One Armenian soldier was wounded in what the Defense Ministry in Yerevan described as intense gunfire opened by the Azerbaijani army on several border villages in northeastern Armenia on Tuesday.
The ministry and local government officials said on Wednesday that Azerbaijani forces shot from sniper rifles and automatic weapons throughout the day. According to them, the gunfire targeted not only Armenian army positions but also Chinari, Aygepar, Movses and Nerkin Karmiraghbyur villages located along the most volatile section of the Armenian-Azerbaijani frontier.
Several village houses as well as a natural gas pipeline in Chinari were reportedly damaged as a result. Gas supplies through the pipeline were restored the following day, officials said.
“There was intense gunfire on Friday but there were many more gunshots yesterday. They rained down on the village like hail,” Andranik Aydinian, the Aygepar mayor, told RFE/RL’s Armenian service (Azatutyun.am) by phone.
Aydinian said village residents had to take cover in their basements and spend the night there. “Children were crying. They were scared,” he said.
The Azerbaijani military also reported fighting in the mountainous area, according to the Trend news agency. It blamed the Armenian side for what was apparently the most serious ceasefire violation in months.
Neither side reported fresh armed incidents on Wednesday. In a short statement, the Armenian Defense Ministry said that “the situation is fully controlled” by its forces. “All necessary steps have been taken to restrain the enemy’s buffoonery,” it said.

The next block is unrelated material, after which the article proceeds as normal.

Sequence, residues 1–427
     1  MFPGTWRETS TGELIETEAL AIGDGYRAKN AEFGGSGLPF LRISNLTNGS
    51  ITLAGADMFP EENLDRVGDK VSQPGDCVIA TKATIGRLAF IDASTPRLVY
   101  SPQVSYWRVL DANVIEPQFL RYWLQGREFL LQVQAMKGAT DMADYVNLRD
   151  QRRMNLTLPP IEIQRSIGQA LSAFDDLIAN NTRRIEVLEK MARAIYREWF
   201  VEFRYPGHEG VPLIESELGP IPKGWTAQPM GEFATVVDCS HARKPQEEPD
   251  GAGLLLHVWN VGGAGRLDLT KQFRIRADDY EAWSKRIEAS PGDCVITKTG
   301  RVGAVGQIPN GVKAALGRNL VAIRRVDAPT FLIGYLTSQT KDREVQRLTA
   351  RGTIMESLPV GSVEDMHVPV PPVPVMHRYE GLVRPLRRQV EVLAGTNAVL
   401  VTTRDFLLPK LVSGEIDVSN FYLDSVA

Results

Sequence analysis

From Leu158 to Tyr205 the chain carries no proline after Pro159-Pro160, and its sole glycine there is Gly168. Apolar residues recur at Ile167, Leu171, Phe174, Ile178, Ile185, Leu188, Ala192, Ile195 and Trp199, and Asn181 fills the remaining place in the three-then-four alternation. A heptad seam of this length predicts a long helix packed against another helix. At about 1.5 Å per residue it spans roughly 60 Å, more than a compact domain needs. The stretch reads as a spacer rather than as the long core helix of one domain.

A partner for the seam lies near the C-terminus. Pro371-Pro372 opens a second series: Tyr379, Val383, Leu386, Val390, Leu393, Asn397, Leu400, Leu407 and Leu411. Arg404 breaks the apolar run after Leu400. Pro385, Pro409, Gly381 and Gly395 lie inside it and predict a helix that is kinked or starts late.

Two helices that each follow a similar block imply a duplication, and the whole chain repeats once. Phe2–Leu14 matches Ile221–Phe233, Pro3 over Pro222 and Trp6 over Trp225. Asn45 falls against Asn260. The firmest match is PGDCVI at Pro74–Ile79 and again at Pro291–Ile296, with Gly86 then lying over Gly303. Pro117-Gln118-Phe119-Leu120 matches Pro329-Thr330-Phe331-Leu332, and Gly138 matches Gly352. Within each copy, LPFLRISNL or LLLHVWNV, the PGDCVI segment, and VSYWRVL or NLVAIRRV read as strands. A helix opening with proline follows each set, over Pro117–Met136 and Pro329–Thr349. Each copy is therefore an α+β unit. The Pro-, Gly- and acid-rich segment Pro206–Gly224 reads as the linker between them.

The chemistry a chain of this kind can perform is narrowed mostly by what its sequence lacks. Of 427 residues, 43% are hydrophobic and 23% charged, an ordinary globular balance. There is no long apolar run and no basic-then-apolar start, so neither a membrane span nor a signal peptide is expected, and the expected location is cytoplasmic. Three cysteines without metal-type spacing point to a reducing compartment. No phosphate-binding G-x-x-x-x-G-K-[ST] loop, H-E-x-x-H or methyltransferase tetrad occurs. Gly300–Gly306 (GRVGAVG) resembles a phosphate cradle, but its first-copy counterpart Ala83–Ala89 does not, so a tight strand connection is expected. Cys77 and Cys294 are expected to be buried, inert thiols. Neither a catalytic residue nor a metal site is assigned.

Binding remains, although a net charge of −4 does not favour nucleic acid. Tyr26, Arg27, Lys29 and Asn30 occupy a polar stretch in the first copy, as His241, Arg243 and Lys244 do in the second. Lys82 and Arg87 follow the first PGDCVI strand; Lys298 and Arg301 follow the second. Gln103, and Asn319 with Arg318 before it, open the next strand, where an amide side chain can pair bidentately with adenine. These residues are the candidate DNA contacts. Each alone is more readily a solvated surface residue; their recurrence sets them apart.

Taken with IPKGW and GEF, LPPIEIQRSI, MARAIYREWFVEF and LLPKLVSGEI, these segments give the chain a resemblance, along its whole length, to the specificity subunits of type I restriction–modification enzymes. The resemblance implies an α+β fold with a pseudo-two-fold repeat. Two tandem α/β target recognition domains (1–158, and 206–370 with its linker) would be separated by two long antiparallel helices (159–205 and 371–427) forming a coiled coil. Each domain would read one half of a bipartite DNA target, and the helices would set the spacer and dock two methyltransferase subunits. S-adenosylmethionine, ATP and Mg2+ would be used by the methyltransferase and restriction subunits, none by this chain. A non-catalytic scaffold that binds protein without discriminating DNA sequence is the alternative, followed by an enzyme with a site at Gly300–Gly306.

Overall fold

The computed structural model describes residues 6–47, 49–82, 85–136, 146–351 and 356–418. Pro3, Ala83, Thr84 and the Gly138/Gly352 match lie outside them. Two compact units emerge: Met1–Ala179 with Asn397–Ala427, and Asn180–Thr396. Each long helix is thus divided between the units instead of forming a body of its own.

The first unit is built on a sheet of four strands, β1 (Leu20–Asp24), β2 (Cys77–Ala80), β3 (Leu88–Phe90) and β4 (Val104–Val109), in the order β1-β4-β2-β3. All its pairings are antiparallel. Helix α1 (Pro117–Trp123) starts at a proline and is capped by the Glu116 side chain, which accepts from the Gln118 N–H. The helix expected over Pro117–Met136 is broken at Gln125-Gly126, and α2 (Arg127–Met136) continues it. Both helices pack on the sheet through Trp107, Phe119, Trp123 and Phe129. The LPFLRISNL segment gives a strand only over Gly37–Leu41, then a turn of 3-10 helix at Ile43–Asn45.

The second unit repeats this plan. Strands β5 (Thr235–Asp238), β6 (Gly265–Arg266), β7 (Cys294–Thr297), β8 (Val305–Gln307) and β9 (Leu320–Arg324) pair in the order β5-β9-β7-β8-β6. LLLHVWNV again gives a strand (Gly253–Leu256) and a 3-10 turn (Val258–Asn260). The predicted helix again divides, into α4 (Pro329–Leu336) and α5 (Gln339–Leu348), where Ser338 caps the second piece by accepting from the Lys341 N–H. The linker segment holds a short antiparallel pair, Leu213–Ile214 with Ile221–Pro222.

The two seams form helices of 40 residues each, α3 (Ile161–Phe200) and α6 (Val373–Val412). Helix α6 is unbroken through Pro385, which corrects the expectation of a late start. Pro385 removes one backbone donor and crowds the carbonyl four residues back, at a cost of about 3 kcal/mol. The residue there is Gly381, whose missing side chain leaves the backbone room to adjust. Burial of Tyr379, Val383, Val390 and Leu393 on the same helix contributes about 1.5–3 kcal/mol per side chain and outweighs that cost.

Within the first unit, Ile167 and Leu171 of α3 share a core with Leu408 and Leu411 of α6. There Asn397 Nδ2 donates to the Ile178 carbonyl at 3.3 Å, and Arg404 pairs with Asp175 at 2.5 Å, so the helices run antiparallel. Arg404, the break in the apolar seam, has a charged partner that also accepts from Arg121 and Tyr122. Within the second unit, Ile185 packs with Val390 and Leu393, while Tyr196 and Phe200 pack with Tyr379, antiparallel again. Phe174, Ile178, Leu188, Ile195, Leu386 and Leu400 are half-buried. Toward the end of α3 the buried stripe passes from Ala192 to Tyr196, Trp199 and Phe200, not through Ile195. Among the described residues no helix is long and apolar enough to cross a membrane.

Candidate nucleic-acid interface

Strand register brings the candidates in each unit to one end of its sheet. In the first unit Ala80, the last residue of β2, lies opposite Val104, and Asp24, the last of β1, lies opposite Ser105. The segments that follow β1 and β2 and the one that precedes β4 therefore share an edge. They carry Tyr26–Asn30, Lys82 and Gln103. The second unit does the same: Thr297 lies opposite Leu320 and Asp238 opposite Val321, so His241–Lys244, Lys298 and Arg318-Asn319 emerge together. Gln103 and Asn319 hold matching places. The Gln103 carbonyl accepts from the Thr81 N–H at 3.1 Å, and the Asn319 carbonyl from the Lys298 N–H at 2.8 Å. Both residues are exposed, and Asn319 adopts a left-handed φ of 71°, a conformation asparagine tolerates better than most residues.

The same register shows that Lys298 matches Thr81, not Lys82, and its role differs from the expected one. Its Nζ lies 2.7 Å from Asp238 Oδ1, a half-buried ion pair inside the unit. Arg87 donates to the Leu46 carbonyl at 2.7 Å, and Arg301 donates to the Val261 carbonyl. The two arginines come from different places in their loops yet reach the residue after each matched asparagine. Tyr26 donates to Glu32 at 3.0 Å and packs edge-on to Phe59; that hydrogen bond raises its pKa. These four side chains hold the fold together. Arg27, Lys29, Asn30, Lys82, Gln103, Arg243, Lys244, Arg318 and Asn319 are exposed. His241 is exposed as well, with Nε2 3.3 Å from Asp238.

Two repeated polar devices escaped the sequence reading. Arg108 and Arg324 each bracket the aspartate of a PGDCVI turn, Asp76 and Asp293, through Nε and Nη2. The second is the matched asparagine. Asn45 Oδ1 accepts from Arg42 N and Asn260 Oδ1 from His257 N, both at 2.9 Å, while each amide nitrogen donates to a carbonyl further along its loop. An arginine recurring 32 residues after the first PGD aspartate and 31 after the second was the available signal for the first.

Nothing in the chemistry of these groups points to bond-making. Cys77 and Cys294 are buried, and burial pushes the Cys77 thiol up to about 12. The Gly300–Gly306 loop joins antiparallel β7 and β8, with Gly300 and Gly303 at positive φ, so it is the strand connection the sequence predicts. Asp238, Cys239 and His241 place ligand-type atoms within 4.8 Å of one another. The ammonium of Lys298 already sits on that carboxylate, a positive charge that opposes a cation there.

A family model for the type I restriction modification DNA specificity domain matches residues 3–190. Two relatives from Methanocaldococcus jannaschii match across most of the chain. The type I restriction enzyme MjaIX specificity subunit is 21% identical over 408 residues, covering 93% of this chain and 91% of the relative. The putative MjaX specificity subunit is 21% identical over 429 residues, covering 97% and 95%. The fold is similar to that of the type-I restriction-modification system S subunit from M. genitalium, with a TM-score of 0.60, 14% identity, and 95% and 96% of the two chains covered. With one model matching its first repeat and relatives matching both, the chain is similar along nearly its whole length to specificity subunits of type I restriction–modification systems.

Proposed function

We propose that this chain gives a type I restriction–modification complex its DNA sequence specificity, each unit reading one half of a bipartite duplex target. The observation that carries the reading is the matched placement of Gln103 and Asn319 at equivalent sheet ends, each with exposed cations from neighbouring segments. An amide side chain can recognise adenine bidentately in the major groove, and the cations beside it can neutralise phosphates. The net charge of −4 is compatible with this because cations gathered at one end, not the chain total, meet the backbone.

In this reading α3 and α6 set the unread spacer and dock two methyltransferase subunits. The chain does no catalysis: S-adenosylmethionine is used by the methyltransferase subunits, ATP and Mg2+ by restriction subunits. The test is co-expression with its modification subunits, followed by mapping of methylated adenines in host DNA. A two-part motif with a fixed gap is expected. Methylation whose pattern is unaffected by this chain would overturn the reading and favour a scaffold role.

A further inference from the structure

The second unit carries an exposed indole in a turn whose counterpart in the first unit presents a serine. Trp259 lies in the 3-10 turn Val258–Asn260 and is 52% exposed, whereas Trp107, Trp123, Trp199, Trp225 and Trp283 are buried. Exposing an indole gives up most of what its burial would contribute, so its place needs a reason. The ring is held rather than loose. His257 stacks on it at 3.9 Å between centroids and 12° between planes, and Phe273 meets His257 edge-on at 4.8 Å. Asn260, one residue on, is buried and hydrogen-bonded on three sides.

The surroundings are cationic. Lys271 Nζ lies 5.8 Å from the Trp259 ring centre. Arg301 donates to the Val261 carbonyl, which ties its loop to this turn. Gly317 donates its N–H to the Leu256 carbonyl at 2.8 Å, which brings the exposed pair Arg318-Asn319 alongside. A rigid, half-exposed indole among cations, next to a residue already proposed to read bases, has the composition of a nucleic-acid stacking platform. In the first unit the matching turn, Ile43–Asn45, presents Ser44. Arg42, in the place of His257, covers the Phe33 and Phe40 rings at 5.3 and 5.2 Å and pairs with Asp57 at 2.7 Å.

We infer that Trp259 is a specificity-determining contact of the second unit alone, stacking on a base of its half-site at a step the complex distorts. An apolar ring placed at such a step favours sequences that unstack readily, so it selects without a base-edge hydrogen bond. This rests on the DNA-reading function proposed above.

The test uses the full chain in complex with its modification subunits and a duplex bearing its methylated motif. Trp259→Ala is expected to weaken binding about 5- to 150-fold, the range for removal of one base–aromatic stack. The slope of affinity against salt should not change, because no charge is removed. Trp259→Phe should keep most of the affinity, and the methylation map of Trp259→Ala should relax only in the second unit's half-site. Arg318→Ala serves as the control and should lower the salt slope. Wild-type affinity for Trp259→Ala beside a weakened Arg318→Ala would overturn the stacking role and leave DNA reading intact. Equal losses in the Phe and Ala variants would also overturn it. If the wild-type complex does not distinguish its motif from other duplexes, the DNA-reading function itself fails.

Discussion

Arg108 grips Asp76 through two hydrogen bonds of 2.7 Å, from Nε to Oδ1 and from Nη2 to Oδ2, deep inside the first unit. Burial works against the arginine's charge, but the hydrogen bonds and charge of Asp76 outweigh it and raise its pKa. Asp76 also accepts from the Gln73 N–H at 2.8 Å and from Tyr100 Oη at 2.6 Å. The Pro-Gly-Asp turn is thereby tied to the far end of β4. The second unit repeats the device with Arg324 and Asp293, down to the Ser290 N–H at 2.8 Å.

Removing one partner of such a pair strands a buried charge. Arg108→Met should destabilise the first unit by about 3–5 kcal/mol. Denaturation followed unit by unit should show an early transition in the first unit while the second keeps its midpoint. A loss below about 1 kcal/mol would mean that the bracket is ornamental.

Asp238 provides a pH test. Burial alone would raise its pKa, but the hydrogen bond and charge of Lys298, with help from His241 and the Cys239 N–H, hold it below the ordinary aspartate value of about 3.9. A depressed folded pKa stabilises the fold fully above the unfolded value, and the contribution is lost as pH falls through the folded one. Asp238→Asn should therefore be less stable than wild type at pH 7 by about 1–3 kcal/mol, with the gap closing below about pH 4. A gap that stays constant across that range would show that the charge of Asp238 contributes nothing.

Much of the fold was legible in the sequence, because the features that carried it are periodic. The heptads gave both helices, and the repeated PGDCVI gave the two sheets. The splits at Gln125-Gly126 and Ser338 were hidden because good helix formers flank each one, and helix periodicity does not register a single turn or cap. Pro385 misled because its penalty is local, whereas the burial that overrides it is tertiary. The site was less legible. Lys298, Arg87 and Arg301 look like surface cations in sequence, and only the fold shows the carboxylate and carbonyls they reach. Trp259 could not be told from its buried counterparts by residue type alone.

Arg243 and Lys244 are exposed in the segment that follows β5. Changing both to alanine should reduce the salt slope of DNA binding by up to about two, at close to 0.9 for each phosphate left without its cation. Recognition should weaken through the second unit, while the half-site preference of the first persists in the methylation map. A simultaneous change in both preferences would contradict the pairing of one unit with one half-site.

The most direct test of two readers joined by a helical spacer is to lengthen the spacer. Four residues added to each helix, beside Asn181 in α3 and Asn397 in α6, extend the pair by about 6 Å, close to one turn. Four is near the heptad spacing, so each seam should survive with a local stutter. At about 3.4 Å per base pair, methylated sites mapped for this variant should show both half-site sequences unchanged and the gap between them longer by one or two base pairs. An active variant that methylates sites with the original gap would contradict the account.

Aydinian likewise said that the situation in his village is now peaceful. Parents sent their children to the local school on Wednesday, he said.
Aygepar and the three other villages are located in Armenia’s Tavush province bordering the Gazakh and Tovuz districts in western Azerbaijan. The border section stretching over 240 kilometers saw deadly fighting last year.
Three Armenian soldiers were killed and several others wounded in a single incident near Chinari in June. At least five Azerbaijani soldiers were shot dead at a nearby border position the following morning in what official Baku called an Armenian commando raid.
The upsurge in ceasefire violations coincided with then U.S. Secretary of State Hillary Clinton’s visit to the South Caucasus. Clinton expressed serious concern over those incidents, warning of possible “disastrous consequences” of escalating violence in the Nagorno-Karabakh conflict zone.
The truce at this and other sections of the Armenian-Azerbaijani border largely held in the following months. The Armenian military beefed up its fortifications along the entire frontier, with Defense Minister Seyran Ohanian visiting Tavush in August to inspect what his press office called “large-scale construction work” carried out at Armenian frontline positions there.
Tension in the area rose again when an Armenian soldier serving in Tavush was shot and killed by Azerbaijani forces at the weekend.
Truce violations were also reported last week from the main Armenian-Azerbaijani “line of contact” around Karabakh. Two Azerbaijani soldiers were reportedly killed there on February 5.